Thursday, April 23, 2009

Stormy Days

Rainy conditions in Boston prevented the Twins and Red Sox from being able to play on Tuesday night and limited one of yesterday's double-header match-ups to seven innings, but the results of yesterday's quick sweeping from the Red Sox are ones we'd probably rather forget.

Sixteen games into the season, the Twins aren't in terrible shape as far as the standings are concerned. They're just two games under .500 at 7-9 and remain within a couple games of first place. Yet, this team has played awful baseball up to this point. Six of their nine losses have come by a margin of four or more runs, they've trailed at some point in every game they've played, and their run differential of -31 is the worst in baseball. Their only series that could be considered a success thus far was a three-game home sweep over an Angels team with a decimated pitching staff and without its best hitter. The Twins are lucky to be close to a .500 record right now, and they almost certainly won't continue to be if they can't drastically improve their play.

Yesterday's day game was just about as ugly as they come. Scott Baker continued to serve up pitches on a platter, allowing three more home runs in his 4 2/3 innings of work. He's now coughed up seven homers in 8 2/3 innings this season -- this after serving up four long balls in his final exhibition outing. Baker always has been and likely always will be somewhat homer-prone, but something is clearly wrong here because the rate he's allowing balls to leave the park is nothing short of ridiculous.

The bullpen stepped in and didn't do much to stop the bleeding. After Craig Breslow tossed 1 1/3 scoreless frames in relief of Baker, Juan Morillo came on to pitch the seventh. I mentioned on Tuesday that "In spite of [Morillo's] solid showing on Saturday night, I'm sure it won't be long before we catch a glimpse of the command issues that caused the Rockies to sour on him," and it certainly didn't take long for that to happen. Yesterday, Morillo couldn't find the strike zone with his high-90s fastball, as 13 of the 17 pitches he threw were called balls and he issued three straight walks following a double by David Ortiz before being removed without recording an out. Naturally, R.A. Dickey came in with the bases loaded and sent all of Morillo's baserunners home on a single, a sacrifice fly and a double before the game was mercifully shut down due to weather.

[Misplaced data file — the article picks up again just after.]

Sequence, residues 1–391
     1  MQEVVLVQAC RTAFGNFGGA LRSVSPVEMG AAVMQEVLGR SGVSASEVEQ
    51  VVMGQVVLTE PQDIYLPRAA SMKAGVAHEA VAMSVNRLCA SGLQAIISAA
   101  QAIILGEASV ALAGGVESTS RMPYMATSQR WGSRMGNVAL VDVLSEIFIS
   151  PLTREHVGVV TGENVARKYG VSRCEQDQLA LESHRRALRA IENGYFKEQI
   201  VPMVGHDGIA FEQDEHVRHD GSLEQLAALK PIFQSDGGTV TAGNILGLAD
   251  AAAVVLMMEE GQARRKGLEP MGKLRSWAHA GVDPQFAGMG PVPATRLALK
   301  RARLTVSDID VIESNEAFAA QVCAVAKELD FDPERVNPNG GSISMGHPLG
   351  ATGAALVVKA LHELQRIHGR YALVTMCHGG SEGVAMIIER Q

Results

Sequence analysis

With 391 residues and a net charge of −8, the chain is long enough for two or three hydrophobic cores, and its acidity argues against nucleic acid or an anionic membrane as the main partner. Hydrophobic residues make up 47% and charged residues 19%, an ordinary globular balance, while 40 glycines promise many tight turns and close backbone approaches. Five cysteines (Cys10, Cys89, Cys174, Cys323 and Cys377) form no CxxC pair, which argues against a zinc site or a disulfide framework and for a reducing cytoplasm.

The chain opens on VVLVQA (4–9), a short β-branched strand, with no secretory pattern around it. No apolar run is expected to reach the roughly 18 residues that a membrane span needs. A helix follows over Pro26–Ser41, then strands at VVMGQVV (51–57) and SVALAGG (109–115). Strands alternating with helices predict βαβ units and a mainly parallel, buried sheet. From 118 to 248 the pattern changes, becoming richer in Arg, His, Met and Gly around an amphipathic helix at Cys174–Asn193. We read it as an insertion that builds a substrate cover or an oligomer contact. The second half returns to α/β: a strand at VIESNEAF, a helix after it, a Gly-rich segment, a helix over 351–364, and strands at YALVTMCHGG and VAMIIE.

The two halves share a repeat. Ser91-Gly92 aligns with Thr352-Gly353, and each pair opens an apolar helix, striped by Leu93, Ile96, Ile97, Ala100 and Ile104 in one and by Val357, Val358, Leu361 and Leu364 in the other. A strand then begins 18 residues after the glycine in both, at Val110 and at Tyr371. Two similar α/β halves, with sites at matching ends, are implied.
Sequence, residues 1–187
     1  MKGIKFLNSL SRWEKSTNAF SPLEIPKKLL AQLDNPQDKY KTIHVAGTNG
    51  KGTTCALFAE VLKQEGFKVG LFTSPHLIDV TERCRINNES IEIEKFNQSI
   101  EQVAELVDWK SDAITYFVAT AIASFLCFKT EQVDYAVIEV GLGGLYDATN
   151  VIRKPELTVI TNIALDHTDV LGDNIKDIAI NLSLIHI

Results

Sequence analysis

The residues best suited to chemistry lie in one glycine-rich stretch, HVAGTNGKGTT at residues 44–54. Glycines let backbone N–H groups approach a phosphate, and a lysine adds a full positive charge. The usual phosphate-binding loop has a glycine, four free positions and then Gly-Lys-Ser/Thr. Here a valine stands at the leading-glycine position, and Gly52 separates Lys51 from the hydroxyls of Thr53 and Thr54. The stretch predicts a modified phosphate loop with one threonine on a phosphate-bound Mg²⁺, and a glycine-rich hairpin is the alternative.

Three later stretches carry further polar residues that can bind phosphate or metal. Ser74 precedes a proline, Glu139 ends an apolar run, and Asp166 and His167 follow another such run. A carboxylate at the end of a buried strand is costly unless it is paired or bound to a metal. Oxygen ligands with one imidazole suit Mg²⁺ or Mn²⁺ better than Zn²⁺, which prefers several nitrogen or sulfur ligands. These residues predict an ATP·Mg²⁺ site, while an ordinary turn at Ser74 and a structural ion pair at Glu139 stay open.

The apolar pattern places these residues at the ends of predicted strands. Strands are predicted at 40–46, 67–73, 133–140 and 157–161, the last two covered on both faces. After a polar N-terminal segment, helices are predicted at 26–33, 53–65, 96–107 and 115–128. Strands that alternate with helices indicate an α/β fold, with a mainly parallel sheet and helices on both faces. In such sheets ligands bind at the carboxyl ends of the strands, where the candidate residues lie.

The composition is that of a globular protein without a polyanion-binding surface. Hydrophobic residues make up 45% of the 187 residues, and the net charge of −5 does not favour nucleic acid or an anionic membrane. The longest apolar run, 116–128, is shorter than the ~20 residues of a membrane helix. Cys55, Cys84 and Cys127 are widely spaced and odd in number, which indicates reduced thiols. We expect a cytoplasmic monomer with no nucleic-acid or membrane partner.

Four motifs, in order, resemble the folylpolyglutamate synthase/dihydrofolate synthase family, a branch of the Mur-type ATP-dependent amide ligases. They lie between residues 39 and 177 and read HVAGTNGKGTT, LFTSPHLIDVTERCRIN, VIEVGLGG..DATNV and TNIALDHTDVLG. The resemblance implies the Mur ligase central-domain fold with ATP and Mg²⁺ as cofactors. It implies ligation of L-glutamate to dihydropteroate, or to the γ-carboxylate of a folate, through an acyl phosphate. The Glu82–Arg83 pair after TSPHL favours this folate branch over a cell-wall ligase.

For its part, the offense had a miserable day against Sox starter Tim Wakefield, managing just one run on five hits over seven innings and going 1-for-10 in scoring opportunities. Alexi Casilla's 0-for-3 day dropped his average for the season to .184 while Michael Cuddyer, Joe Crede and Mike Redmond -- who have all displayed varying levels of ineptitude at the plate this year -- also went hitless in the affair.

In the nightcap, the Twins were soundly defeated again as Francisco Liriano was tagged for seven runs in four innings and the offense had another flat showing in a 7-3 loss. Cuddyer went hitless yet again and the replacements for Casilla, Crede and Redmond -- Brendan Harris, Brian Buscher and Jose Morales -- all failed to improve on the performances of their predecessors as each went hitless as well.

Between the day's two games, the Twins were outscored 17-4 and went 1-for-15 in scoring opportunities. These were a pair of bad, bad games, and unfortunately those have not been rare this season. On the bright side, it's still early and there's plenty of time to get things turned around. We can only hope that happens soon because this is hard to watch.